Disney’s decision to buy one of cinemas most iconic franchises received mixed reactions from audiences. Some saw it as a potential to right the (many) wrongs George Lucas presented with his prequels, others couldn’t see it as any more than a feeble attempt at raking in easy cash.
The ‘new’ trilogy started back in 2015 with The Force Awakens. A solid start which created a huge amount of opportunity for the future of the franchise. A fun ride, which payed service to the old timers of the series, whilst also paving way for something new and exciting. There was one big issue though, which was that the first instalment played it incredibly safe.
Fast forward to 2017 and The Last Jedi made its way into theatres. Rian Johnson took over from Abrams previous role and directs a far more ambitious sequel. It was controversial and created its own identity from what had been previously structured. This time the risks were certainly taken, but it distanced itself too much from what we know and love and didn’t get the pay off many were hoping for.
So, we’ve seen what happens when you play it safe, and we’ve seen what happens when you take the risks. Both films offer some undeniable faults, so what can we expect from The Rise of Skywalker?
Well, a little bit or both, or it’s a bit of neither, maybe. The Rise of Skywalker lacks the heart and compassion that The Force Awakens presented, but also the ambition that divided viewers of The Last Jedi.
It’s narrative structure feels more like scenes randomly strung together, in order to please the fans of each generation, than it does telling a compelling and ultimately worthwhile conclusion story. It crams enough content to fill another entire trilogy, into a two and a half hour movie.
There’s a lack of conviction in most of its elements. Some of the character arcs come to a complete dead end, some receive unsatisfactory send offs, and on the whole, this leaves more questions than it did answer any previous ones.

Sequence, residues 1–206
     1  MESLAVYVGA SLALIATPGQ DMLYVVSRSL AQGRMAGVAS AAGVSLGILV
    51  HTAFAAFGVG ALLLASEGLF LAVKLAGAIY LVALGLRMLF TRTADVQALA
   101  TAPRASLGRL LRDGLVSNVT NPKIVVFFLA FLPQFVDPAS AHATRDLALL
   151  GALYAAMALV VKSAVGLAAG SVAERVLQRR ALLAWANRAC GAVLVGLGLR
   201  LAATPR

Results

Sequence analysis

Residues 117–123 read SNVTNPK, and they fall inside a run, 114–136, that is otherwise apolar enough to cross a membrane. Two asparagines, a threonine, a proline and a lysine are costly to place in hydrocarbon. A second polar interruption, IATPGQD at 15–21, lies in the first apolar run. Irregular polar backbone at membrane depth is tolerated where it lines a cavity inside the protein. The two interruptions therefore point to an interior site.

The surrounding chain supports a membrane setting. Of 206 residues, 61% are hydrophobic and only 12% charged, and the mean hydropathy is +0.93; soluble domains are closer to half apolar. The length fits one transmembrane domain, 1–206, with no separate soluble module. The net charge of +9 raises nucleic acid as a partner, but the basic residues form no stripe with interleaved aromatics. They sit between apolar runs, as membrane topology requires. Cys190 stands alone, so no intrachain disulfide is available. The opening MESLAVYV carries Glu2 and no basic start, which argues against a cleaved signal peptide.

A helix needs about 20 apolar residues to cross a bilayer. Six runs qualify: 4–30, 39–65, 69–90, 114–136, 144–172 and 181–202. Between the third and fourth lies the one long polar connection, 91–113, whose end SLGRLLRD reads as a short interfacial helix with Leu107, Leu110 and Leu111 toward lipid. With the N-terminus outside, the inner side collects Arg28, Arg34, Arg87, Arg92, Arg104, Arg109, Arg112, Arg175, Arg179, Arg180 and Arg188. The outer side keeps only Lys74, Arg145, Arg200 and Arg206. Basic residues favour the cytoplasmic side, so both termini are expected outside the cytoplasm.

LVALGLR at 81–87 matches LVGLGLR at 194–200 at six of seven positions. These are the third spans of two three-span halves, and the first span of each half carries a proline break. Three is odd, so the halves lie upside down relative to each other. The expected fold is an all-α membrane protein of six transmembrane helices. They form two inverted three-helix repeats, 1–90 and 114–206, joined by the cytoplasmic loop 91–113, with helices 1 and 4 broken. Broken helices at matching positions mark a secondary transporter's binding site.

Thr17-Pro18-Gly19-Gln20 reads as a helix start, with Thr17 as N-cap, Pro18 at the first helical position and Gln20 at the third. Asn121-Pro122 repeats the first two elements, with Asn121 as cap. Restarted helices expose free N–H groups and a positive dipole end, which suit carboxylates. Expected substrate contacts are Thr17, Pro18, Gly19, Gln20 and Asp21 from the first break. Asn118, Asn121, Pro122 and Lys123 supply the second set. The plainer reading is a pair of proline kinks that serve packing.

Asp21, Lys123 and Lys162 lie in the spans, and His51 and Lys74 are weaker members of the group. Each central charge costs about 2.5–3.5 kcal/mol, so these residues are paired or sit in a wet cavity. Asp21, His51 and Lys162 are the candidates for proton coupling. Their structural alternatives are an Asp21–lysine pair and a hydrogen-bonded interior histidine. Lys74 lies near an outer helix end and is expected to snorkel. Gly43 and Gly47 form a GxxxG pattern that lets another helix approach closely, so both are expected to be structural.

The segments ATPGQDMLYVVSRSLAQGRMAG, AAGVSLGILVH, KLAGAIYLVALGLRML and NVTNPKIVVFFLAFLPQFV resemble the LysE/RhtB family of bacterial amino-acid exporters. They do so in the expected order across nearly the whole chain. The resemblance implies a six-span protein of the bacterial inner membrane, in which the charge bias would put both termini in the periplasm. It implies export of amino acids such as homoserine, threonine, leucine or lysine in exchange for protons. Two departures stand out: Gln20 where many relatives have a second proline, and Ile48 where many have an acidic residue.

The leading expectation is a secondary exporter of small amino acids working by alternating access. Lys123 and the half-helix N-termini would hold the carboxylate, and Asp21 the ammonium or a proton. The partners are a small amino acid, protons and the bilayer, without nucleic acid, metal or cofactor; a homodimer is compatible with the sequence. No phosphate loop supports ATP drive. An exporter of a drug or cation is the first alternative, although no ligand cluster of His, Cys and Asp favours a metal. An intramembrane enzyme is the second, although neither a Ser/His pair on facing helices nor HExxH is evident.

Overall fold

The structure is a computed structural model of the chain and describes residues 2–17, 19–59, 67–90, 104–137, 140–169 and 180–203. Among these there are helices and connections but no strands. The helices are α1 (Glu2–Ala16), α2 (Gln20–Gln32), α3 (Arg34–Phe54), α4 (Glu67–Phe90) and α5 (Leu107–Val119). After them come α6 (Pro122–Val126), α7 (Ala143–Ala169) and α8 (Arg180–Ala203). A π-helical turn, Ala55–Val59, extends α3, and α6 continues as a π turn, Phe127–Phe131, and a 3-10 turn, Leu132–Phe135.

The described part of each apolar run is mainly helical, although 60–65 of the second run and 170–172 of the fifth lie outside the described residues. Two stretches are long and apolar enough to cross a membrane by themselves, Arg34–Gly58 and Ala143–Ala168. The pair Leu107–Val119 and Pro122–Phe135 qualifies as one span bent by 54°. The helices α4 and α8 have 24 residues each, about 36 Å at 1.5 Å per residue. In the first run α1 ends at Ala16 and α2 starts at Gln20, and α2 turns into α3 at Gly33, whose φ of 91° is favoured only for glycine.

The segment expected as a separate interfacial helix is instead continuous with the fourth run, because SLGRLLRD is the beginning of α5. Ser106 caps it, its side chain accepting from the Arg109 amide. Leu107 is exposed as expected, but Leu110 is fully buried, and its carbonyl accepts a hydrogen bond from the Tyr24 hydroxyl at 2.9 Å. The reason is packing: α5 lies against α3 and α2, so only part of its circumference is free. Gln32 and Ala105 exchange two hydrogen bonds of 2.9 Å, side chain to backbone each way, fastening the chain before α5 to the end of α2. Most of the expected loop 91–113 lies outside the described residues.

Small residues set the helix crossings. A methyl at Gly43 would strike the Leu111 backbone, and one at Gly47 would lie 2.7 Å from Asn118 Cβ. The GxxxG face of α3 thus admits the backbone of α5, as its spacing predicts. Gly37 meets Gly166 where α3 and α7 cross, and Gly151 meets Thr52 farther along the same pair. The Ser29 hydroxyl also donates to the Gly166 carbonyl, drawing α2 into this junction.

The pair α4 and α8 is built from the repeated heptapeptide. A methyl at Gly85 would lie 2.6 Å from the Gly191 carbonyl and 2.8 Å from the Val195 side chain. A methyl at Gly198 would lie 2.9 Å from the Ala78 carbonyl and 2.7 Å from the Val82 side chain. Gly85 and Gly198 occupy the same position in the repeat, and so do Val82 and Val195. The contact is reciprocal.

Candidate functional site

For a film that has promised so much, it came to a conclusion that felt rather empty and uninspired. When you’re closing a series (certainly one as beloved as this), the stakes should be higher than ever before. You should be hit with twists you never would have seen coming. You should be genuinely saddened by some of the deaths of the characters. Unfortunately, The Rise of Skywalker fails to reach that level of emotion.
The visuals are undeniably stunning, which is something each film has passed with flying colours. The set pieces, in which there are good ones here, look fantastic, even if none of them quite hit the levels previously laid out in other instalments.
For the most part the characters are still fun to watch. Rey unsurprisingly steers the momentum of the story from the get-go, with Finn and Poe having their share of moments too. With the return of Lando, although being a nice addition, he isn’t there for much of a reason other than nostalgia purposes (which this film hangs on a lot).
Discount Darth Maul (aka Kylo Ren) feels a little wooden at times, which isn’t helped by his characterisation being hacked on and rather unprovoked.
As demonstrated from its trailer, Palpatine is back. A return that would have been much better suited had it remained a surprise. His role in the film, although making perfect sense, doesn’t add much (if anything) to the overall dynamic. Feels more like a last ditch effort to save whatever was left of the series’ timely legacy.
The issues don’t just lie there. With Rian Johnson leaving so much open, Abrams had to wrap up an awful lot in one movie. The pacing struggles early on, and much of what was built up in The Last Jedi went nowhere in this follow up. There’s a lot of things happening and most of it feels forced and thrown in to a story in which it doesn’t necessarily belong.
Its middle act suffers the most, noticeably with its shift in tone. Our friends find themselves in a bizarre scavenger hunt scenario that could’ve easily been pulled from the Goonies. There was more deserving things that could have been focused on, certainly when trying to bring an end to something as big as this.
The Rise of Skywalker is by no means a bad movie, but it is a confusing and rather uneventful finale which doesn’t quite fit the bill of a Star Wars movie. I wanted more bang for my buck, but every opportunity to deliver, all it provided was a fizzle. It wouldn’t surprise me if in time, it becomes more divisive than The Last Jedi.